I predict that when we look back at The Blue Room’s output for 2014, we’ll say that Giving Up the Ghosts was one of the year’s best. Perhaps this is a bold call, given that we’re only halfway through the year, but one I’ll stand by without reservation. It’s got all the right elements; a beautiful, loving, naturalistic script, written by first-time playwright Sarah Young, a skilled director, Joe Lui, and two gifted performers, Georgia King and Paul Grabovac. It’s hard to imagine that this combination of artists could do anything less than excellent, so it’s just a matter of sitting back and letting them tell you this story.
Based on an actual event in the UK of two strangers who met on the internet in order to commit suicide together, the play’s premise would seem to have us weeping in our seats, or at the very least have us in for a hard slog through some dark emotional terrain. But what Sarah Young, in this her debut play, writes is thoughtful, tender, and funny. It’s full of realistic exchanges between the two characters as they inadvertently develop an unlikely connection at the very end of their young lives. It is heart-wrenching, though, and we do land on moments that are deeply poignant which delve into the couple’s reasons for killing themselves. Their motivations are defined clearly through working out their back story in conversation, however there’s no specific revelation, per se. We just get a sense of the general malaise that these two real people might have been feeling in the lead-up to their deaths. It’s a malaise that permeates their whole lives the way the gas eventually does in their deaths.
Joe Lui’s direction is also very sensitive and careful. This is a bit of a departure for Lui, as his pieces are usually devised and have a political bent. He’s done a wonderful job of creating a series of loaded moments, and he has given his actors space to breathe, listen to each other, watch each other, connect with each other. As a musician, he would be aware of tempo and the power of rests, crescendos, all of which he has built into the the action. He lets his actors pause where they naturally need to, and in so doing allows the audience also to reflect and plug into the emotional journey.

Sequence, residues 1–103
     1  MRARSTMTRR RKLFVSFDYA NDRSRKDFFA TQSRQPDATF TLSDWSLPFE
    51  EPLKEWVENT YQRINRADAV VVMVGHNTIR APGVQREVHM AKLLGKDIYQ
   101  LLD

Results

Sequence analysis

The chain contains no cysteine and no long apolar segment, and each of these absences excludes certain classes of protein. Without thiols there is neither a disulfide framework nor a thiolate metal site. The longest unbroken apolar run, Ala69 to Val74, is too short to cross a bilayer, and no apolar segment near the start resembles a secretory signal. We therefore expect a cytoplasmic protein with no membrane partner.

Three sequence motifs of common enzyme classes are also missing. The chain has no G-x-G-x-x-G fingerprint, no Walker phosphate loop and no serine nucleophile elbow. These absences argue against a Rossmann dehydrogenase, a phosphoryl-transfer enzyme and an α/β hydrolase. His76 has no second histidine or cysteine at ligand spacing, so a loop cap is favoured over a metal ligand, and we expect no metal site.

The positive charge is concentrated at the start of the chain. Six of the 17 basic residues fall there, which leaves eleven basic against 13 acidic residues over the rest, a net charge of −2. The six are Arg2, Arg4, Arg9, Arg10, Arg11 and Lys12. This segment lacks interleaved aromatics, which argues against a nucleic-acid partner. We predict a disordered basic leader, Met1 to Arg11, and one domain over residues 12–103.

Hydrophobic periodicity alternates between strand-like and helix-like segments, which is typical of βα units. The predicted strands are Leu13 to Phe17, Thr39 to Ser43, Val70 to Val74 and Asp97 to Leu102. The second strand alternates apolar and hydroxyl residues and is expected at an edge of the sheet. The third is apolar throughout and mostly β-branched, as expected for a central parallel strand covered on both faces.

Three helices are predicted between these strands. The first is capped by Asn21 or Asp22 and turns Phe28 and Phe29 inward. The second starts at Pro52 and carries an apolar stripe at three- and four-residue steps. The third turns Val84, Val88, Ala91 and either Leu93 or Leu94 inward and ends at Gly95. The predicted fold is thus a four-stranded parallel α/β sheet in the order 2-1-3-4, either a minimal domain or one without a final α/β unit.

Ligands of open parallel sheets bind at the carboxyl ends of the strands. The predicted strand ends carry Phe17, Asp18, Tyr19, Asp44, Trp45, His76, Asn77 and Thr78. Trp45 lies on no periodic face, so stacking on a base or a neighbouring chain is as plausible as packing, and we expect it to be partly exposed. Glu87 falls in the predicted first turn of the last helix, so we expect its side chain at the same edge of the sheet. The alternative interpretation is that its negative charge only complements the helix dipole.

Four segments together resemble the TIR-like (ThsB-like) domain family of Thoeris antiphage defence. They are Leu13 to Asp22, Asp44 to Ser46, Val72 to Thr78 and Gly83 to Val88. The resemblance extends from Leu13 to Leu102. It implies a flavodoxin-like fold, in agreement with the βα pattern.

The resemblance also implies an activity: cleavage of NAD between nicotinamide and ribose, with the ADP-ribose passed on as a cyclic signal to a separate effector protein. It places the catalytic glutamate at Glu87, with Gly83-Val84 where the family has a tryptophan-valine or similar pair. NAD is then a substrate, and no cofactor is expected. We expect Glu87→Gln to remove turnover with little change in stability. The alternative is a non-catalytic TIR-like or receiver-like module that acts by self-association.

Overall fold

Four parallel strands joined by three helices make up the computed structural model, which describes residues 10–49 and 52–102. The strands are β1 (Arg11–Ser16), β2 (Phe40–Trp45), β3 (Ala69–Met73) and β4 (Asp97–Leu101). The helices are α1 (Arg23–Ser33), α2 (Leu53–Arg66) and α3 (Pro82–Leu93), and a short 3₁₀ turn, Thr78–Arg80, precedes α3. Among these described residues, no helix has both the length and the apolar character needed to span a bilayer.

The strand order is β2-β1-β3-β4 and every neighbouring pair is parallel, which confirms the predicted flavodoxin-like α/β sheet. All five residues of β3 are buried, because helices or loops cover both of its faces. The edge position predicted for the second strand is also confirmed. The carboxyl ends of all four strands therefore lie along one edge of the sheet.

Paul Grabovac’s Steve is everyman. His spot-on embodiment of the typical Aussie truckie is subtly shaded; he comes on scene with relative optimism that makes us wonder why on earth he’s the type of guy who would want to kill himself. He appears to be a gentle giant, with great potential to make a good life for himself, but as we go along, Paul reveals the darker side of his character, and at last we discover the center of the problem when he says, “this is all I’ll ever be.” He sees no potential in himself, and that is enough to make him give up.
The role of Ruth is also a bit of a departure for Georgia King, who tends to be cast as a slightly twisted, bitchy character. Here she’s twisted, but no bitch; she plays a shy neurotic with a sweetness that’s unearthed through her dealings with her partner in suicide. The piece begins with her building to a crescendo of nervous energy that comes to a head when Grabovac enters. Throughout the piece, her nervousness ebbs and flows, but at one of the more pastoral movements of piece, she is visibly calmer and relaxed, and we see that beautiful potential in her character’s soul that makes her later demise so sad.
Lui’s playing triple-threat as director and sound and lighting designer, and Sarah Chirichilli is the set and costume designer. The set is simple, with a couple of car seats and a tree painted on the back wall, and dried leaves scattered along the floor, which also become props. The feeling is autumnal, with also a sunset palette that’s warm and enveloping.
This is a wonderful piece, and a wonderful reminder that each and every human is filled with potential, even if we only get to see it in one final, definitive act.
The Blue Room Theatre and Owl Productions present
Giving Up The Ghosts
by Sarah Young
Directed by Joe Lui
Venue: The Blue Room Theatre | 53 James Street, Northbridge
Dates: June 24 – July 12, 2014